Resolutely, I ignore him and restart the task that he interrupted. It’s hard, because my focus is shot and it requires a lot of attention to detail, but I do my best. That is until I realize that two minutes have gone by and the sales bro is still standing at my desk, and it doesn’t appear that he intends to leave until I give him the document in question. The document that he is perfectly capable of finding himself.

I steel my nerves, take a deep breath, don’t speak until I know I can keep the tears of anger that I can feel welling up out of my voice. “[Sales bro]. I have explained to you my work priorities and the timeline in which your request will be dealt with. There is no need to stand at my desk and watch me work while you wait.”

“Well there’s no reason to get hysterical,” the sales bro says, huffily, his greying mustache making him look like a grumpy, petulant walrus. But thankfully, finally, he accedes and shuffles off, grumbling.

I turn my chair away from the rest of the office and place my head in my hands, which are shaking. I take care to make it look like I am nursing a headache, since I am prone to those and that is behavior that my coworkers are used to. I feel hot all over, my skin feels too tight, I can feel my heart pounding in my chest. I want to scream, throw things. I want to show him what hysterical actually looks like.

I think about all of the small indignities. Creepy Sales Bro who talks about strippers at work and asks the younger Sales Bros about their romantic conquests. Awful Sales Bro who makes a point of saying sexist things within earshot of my desk because he finds my discomfort amusing. And Manbaby Sales Bro who is incapable of doing even the simplest tasks on his own. I think about going to my boss and telling him about the interaction I just had, that Manbaby Sales Bro called me hysterical. But I know that I’ll just end up explaining to my boss why calling a woman trying to enforce a boundary “hysterical” is grossly misogynist, and the chances are high that he won’t really understand. My boss likes me, but his response to such things is always “try not to let it bother you”.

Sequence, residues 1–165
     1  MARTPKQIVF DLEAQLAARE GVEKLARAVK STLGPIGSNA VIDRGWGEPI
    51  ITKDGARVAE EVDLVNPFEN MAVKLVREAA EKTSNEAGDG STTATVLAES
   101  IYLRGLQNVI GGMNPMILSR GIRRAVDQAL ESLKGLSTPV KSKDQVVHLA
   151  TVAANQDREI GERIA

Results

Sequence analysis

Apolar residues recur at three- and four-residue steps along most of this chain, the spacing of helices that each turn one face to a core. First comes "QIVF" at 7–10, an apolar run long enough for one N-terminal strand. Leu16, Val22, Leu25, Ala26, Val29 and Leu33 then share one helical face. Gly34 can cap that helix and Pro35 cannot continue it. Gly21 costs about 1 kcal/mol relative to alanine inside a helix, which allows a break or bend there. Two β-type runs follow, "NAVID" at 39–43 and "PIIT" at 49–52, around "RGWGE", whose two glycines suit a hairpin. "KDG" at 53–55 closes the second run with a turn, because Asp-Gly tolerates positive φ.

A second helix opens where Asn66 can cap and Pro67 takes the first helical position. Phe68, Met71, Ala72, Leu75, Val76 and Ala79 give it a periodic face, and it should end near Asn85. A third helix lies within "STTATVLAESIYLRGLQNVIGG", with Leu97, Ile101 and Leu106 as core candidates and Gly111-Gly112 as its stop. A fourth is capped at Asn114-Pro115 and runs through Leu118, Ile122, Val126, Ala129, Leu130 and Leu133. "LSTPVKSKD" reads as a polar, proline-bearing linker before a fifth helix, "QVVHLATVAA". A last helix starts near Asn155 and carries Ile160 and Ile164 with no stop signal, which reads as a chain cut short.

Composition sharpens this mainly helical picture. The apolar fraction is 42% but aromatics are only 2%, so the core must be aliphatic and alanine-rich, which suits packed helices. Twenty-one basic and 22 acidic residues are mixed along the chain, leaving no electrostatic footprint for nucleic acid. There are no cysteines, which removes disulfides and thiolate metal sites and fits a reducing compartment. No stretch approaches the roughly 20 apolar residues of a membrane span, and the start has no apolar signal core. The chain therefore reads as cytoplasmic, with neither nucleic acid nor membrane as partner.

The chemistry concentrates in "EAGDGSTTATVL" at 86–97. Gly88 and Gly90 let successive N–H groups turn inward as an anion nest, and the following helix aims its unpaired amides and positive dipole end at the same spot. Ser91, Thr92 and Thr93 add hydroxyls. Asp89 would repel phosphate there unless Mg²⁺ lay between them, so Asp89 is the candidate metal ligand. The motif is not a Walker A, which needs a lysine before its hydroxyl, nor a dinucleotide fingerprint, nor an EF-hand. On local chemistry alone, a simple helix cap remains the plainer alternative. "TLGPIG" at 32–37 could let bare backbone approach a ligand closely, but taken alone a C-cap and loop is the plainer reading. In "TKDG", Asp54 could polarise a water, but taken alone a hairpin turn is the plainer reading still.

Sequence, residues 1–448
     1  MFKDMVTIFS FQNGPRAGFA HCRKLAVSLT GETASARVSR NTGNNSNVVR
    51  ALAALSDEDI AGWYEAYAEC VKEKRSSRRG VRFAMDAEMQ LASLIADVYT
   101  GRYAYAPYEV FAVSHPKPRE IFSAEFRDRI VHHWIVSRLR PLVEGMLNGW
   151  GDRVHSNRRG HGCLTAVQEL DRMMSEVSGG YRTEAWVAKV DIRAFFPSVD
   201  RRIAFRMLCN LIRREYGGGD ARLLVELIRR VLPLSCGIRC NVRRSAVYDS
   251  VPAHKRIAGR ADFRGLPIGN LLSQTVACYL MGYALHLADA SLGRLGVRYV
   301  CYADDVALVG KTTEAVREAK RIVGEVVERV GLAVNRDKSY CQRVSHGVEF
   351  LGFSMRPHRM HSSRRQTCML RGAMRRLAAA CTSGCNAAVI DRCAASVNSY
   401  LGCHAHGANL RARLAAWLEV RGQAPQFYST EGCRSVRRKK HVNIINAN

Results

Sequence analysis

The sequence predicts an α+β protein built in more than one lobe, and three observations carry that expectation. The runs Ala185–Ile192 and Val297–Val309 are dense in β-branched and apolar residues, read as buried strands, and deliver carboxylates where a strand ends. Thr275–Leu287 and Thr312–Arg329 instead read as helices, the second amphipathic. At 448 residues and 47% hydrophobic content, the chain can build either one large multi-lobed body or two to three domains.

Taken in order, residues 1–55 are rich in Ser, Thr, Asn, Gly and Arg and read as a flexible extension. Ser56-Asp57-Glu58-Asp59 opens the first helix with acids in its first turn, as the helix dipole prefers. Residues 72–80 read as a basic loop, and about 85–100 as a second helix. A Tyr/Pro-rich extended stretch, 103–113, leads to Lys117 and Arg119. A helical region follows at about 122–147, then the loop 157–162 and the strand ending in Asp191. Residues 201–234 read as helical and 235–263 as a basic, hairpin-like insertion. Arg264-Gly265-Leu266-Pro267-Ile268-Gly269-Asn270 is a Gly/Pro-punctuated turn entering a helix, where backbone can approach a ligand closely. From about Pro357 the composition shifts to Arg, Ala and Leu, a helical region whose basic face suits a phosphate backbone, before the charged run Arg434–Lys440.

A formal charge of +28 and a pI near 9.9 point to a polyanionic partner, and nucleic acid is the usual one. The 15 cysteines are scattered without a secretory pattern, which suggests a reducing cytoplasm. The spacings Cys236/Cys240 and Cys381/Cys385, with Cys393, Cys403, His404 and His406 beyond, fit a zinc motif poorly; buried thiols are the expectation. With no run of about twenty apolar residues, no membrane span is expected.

I feel weak and small and powerless. I try to make my anger as small as I feel. I fail.


I don’t know what possessed me to follow the link from my blog’s traffic stats back to a forum that I know is full of people who personally wish me ill. But there is a lot of traffic from that source, and I follow it, and what I find isn’t surprising in the slightest. It’s a thread where men are complaining about a project that I was proud to be a part of (that I am still proud to have been a part of), complaining that all of this emphasis on diversity in games is ruining gaming.

The thread doesn’t go on for long before my primary harasser hijacks the thread and makes it about what a terrible person I am. Me. Specifically. Personally. I’m hateful. I’m an abuser. I’m a liar. I harass people. I’m anti-LGBT. I’m crazy, and should be involuntarily committed to a mental health facility for my own good and the good of my family. All of his claims laughably transparent and easily debunkable with a few minutes of Googling, though I know that no one there is going to make that effort.

I don’t know why I keep reading, but I do as the thread unfurls over the course of a few days. I feel hot and angry and sick. I feel shaky and tired. I write multiple closed-circle G+ posts about how furious I feel, and how helpless I feel to respond, because I know that any response will be playing into the narrative that my harasser is trying to create. I cry.